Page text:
How to Replace a Corroded, Galvanized Drain Pipe With PVC

26 January 2017
 Categories: , Blog


If you have a galvanized pipe, it will corrode with time, often causing a leak or blockage. It must be replaced right away to avoid extensive damage from the pipes corroding completely. PVC pipes solve this problem. A novice should be able to replace a corroded drain pipe. Here are tips to replace corroded galvanized drain pipes with PVC.

Prepare to Work

For this project, you need:

  • work gloves
  • safety goggles
  • tape measure
  • rags
  • wire brush
  • two pipe wrenches
  • reciprocating saw with metal cutting blade or hacksaw
  • thread seal tape
  • spray lubricant
  • PVC pipe
  • female adapter
  • PVC pipe cleaner
  • PVC cement
  • PVC pipe

Shut off the main water supply to the house from the valve near your water meter. Open a tap nearby to release water pressure.  

Remove the Old Drain Pipe

Attach a metal cutting blade to the saw. Cut the pipe twice between each coupling about an inch apart. If you don't have a reciprocating saw, you can use a hacksaw, but it will take longer. Cut and remove pipes in one-inch sections.

Attach a pipe wrench to a coupling, and use the other wrench to grip the section as you turn the first wrench to the left. The male threaded ends will remain.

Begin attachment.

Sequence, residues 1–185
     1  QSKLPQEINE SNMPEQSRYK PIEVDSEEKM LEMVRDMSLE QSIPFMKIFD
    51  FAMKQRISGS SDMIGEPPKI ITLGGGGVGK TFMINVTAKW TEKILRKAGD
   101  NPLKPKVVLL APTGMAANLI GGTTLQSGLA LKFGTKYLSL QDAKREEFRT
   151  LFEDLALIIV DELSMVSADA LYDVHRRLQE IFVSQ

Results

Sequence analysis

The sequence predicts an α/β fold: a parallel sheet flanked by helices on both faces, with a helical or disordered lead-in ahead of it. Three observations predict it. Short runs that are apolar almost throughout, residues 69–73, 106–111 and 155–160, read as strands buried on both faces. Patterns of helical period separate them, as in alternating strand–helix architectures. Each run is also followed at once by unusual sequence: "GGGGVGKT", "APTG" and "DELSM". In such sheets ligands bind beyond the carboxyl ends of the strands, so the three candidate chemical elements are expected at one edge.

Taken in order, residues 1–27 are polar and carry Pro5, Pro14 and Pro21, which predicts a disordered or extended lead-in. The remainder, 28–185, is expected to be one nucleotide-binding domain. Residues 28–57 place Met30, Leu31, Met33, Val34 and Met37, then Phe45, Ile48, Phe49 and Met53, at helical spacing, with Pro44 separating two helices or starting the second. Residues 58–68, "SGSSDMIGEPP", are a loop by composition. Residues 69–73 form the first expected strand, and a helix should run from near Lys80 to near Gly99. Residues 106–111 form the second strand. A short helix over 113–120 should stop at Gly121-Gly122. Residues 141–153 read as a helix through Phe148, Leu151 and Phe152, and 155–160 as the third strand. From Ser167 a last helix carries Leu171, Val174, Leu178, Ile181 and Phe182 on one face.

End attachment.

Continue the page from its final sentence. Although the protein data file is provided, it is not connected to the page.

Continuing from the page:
If you have difficulty removing the couplings, spray some lubricant on them. Let the lubricant soak in several minutes, then try again. Cut one-inch sections until the pipes are removed. If it fails, saw the couplings off, and replace them with mechanical couplings.

Connect the New Pipe

Clean the threaded pipe ends with the wire brush and rag. Attach thread seal tape to the threaded ends to guard against leaks. Avoid using pipe dope as it doesn't bond well with PVC.

Attach a female adapter to one end, and a rubber mechanical coupling on the other. Detach the metal sleeve, and place it back on the pipe. Push the mechanical coupling back to allow room for the new pipe.

Take measurements from inside the female adapter to the rubber coupling. Cut the pipes to fit. Rub the pipe cleaner on the ends, followed by the PVC cement.

Attach the pipe to the female adapter, rotate it an eighth of an inch to spread the glue, and hold it for several seconds. Place a mechanical coupling over a new piece of pipe, and slide the metal sleeve over it. Use a screwdriver to tighten the connection.

Repeat the process until the new pipes are installed. Restore water, and close the taps. If you don't trust your skill, or the pipe still leaks, contact a plumber like Reeves Plumbing & Heating.